The New York Times reports today that Netflix is holding a contest to improve their recommendation engine. Anyone who can improve the service’s recommendation function by a mysterious 10% will win a $1 million prize. One easy way to start would be to look at MovieTally, a tag-based movie recommendation site built by a 15 year old from New York named Hayden (he asked that his last name not be used).
MovieTally lets users add their own tags and reviews to movies found in the user generated movie database. It’s easy to click around and find movies that other users have tagged with the same terms as your favorites. The site recommends users who have similar favorites lists to your own. I’ve been looking at this site for awhile it was really sparse before getting some good coverage at OpenGardens for its implementation. Now that it’s has begun to gain traction, the database has been bulked up and the service is much more useful.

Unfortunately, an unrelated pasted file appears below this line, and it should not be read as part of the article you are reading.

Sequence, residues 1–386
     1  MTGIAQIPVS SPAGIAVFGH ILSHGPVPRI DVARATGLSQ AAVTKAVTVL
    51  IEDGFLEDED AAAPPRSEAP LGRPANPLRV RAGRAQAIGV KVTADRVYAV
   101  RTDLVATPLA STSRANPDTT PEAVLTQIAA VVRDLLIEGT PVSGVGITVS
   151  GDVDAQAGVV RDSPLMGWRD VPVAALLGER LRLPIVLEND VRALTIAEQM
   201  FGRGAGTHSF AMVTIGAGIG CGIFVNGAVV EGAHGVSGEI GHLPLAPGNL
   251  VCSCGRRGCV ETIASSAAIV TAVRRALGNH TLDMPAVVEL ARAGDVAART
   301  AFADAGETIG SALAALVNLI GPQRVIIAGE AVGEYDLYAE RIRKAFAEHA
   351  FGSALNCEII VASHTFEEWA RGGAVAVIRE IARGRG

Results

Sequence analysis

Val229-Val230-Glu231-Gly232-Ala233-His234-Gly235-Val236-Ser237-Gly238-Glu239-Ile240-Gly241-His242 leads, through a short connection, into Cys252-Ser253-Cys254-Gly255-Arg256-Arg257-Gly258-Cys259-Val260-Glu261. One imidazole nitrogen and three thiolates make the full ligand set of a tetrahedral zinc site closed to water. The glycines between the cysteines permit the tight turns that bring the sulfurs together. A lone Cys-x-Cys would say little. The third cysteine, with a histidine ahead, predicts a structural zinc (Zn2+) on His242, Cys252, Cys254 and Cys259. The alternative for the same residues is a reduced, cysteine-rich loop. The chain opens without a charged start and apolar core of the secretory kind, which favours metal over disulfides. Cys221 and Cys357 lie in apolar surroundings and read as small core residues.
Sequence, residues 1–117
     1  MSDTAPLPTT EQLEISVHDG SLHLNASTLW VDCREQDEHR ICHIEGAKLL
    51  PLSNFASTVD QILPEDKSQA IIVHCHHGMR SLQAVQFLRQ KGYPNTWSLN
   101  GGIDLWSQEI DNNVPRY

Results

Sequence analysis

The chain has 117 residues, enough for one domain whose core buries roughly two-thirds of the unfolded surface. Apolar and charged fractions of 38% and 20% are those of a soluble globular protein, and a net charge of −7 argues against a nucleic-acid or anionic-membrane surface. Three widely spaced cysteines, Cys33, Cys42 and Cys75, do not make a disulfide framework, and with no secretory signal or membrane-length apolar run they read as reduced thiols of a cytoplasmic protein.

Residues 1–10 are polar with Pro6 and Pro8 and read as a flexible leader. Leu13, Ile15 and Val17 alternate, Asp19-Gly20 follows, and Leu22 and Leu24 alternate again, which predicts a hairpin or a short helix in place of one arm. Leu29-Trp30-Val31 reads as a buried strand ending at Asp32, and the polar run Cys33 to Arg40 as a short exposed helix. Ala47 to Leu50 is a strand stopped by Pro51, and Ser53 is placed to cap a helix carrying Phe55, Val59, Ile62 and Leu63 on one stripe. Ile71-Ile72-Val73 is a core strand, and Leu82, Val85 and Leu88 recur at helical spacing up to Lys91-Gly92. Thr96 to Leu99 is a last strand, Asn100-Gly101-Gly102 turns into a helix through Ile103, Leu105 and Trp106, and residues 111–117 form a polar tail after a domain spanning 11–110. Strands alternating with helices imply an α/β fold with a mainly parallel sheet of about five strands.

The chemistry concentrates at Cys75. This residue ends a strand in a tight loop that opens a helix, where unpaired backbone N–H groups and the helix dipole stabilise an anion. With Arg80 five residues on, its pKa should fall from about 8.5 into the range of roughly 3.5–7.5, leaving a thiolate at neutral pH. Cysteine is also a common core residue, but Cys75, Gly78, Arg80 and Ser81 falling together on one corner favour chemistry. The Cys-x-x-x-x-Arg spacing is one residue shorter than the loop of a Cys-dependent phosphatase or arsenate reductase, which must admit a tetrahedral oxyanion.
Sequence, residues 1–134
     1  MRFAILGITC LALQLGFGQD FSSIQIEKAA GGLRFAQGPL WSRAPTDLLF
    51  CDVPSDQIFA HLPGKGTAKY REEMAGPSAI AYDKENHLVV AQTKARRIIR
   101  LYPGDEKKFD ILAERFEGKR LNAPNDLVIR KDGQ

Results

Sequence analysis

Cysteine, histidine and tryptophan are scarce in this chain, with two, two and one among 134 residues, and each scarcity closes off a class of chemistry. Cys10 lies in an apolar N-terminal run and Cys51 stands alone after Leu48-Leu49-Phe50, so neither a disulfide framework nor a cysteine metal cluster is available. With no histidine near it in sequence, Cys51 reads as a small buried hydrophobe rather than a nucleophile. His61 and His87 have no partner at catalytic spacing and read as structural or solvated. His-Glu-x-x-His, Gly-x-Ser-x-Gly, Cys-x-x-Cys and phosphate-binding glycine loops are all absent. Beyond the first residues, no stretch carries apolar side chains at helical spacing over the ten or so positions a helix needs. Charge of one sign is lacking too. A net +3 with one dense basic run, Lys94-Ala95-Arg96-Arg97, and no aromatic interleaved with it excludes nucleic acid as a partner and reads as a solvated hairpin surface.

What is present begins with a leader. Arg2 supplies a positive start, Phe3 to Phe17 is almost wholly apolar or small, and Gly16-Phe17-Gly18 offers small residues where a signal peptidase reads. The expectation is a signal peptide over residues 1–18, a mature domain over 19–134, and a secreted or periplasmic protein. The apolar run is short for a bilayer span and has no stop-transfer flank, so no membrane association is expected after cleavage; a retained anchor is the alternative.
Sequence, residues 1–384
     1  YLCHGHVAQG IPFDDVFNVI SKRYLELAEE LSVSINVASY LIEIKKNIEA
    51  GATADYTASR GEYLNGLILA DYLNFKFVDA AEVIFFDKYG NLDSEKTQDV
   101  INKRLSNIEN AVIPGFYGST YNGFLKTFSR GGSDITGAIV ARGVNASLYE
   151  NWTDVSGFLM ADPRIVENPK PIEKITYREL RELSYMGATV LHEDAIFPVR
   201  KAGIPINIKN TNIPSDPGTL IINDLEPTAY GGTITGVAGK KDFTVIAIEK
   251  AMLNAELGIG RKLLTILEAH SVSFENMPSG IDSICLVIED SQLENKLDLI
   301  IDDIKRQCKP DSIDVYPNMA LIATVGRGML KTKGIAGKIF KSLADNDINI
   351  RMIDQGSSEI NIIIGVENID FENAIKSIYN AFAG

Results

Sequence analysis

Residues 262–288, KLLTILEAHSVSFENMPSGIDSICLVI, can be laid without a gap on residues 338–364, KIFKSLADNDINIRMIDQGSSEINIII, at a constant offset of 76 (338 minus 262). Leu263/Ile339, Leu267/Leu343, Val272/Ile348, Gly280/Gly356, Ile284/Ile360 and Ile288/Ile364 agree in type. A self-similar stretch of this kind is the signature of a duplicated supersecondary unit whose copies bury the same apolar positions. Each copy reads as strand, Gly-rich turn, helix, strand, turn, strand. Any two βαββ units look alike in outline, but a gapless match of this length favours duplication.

Netflix currently lets users view the movies selected by friends, but as a poster child for moving services to the web I’d love to see them take up the most current social technologies. Tagging allows for exploration by theme in a much more flexible way than formal site created categories. It would be good if instead of asking for improvements to its black box recommendation engine Netflix began by making movie discovery more transparently social.
See also our review of BiggerBoat, a media search service for site publishers that presents loads of metadata. It’s a different approach that you’re liable to start seeing implemented at sites around the web, as is the case at allmovie.com already. There are many ways that Netflix could improve its already fantastic service but newer startups provide easy examples.